FIGS. 6 and 7 show a detail of a rotary friction welding machine according to another exemplary embodiment of the present invention. In the case of the exemplary embodiments in FIGS. 6 and 7, a first magazine half 51 of a flywheel mass magazine is rigidly connected to the rotating spindle 14. The first magazine half 51 rotates accordingly with the spindle 14. In addition, the flywheel mass magazine in the exemplary embodiment in FIGS. 6 and 7 has a second magazine half 52. The second magazine half 52 is uncoupled from the spindle 14 and is stationary.

Recesses 53 have been introduced in both magazine halves 51 and 52. The recesses 53 that have been introduced in the two magazine halves 51 and 52 are aligned with one another. In the case where no relative movement takes place between the two magazine halves 51 and 52, a recess 53 in the area of the first magazine half 51 will be opposite from a corresponding recess 53 in the area of the second magazine half 52. The recesses 53 of the two magazine halves 51 and 52 are now embodied in such a manner that the recesses can accommodate flywheel mass bodies. In this connection, a flywheel mass body from a recess 53 in the area of the first magazine half 51 can be inserted into a corresponding recess 53 in the second magazine half 52 and can also be returned from the second magazine half 52 into the first magazine half 51. Consequently, simple displacement of the flywheel mass bodies sliding between the two magazine halves 51 and 52 makes it possible to adjust the flywheel mass rotating with the spindle 14 in a simple way. A flywheel mass magazine that has been designed in this way is also called a revolver magazine. The flywheel masses are embodied as rod-like elements having an outer contour that is adapted to the inner contour of the recesses. When loading flywheel mass bodies into the recesses 53 of the first magazine half 51, imbalances must be avoided by appropriately loading the flywheel mass bodies.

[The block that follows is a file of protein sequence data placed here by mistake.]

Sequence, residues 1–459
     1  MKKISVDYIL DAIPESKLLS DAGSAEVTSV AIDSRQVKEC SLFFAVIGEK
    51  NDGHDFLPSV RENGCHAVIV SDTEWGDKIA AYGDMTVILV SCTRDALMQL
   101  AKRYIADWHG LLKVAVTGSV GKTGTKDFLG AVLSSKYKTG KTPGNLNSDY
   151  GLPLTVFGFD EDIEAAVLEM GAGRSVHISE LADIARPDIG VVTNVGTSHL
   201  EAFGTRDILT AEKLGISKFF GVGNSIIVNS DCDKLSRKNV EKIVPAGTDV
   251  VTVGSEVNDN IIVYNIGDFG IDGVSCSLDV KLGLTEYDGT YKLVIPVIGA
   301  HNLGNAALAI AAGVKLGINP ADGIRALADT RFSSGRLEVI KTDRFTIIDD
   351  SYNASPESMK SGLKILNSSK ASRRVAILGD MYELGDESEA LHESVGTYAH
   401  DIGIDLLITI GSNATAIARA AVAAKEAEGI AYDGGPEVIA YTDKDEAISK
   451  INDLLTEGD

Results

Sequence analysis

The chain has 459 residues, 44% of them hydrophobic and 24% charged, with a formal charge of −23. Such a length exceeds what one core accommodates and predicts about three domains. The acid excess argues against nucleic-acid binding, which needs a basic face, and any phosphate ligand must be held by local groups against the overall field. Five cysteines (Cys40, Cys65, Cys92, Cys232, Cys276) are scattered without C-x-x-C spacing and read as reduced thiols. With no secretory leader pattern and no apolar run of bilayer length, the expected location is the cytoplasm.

In all of the exemplary embodiments shown, it is possible to adapt a rotary friction welding machine without time-consuming retooling work with respect to flywheel masses required for connecting two components. Both the flywheel mass bodies in operating engagement with the first rotating spindle as well as the flywheel mass bodies out of operating engagement with the spindle are positioned on the rotary friction welding machine. Time-consuming set-up work that restricts the availability of the rotary friction welding machine can be avoided as a result.

Patent Citations
Cited PatentFiling datePublication dateApplicantTitle
US3235157Oct 2, 1963Feb 15, 1966American Mach & FoundryFriction welding
US3694896Oct 26, 1970Oct 3, 1972Caterpillar Tractor CoMethod of friction welding
US3735910Apr 15, 1971May 29, 1973Welders A I Limited InvernessFriction welding
US4030658Aug 5, 1976Jun 21, 1977Parrish Thomas DFriction or inertia welding apparatus
GB1053233A Title not available
Referenced by
Citing PatentFiling datePublication dateApplicantTitle
US7950563 *Jun 30, 2008May 31, 2011The Boeing CompanyApparatus and method for bearing a tool against a workpiece
Classifications
U.S. Classification228/112.1, 228/2.1, 228/2.3, 228/113
International ClassificationB23K20/12
Cooperative ClassificationB23K20/12
European ClassificationB23K20/12
Legal Events
DateCodeEventDescription
Dec 9, 2013FPAYFee payment
Year of fee payment: 4
Aug 3, 2007ASAssignment
Owner name: MTU AERO ENGINES GMBH, GERMANY
Free format text: ASSIGNMENT OF ASSIGNORS INTEREST;ASSIGNORS:DZIALAS, KARSTEN;SPARKS, THOMAS;REEL/FRAME:019645/0941;SIGNING DATES FROM 20061030 TO 20061113
Free format text: ASSIGNMENT OF ASSIGNORS INTEREST;ASSIGNORS:DZIALAS, KARSTEN;SPARKS, THOMAS;SIGNED BETWEEN 20061030 AND 20061113;REEL/FRAME:19645/941
Owner name: MTU AERO ENGINES GMBH,GERMANY
Free format text: ASSIGNMENT OF ASSIGNORS INTEREST;ASSIGNORS:DZIALAS, KARSTEN;SPARKS, THOMAS;SIGNING DATES FROM 20061030 TO 20061113;REEL/FRAME:019645/0941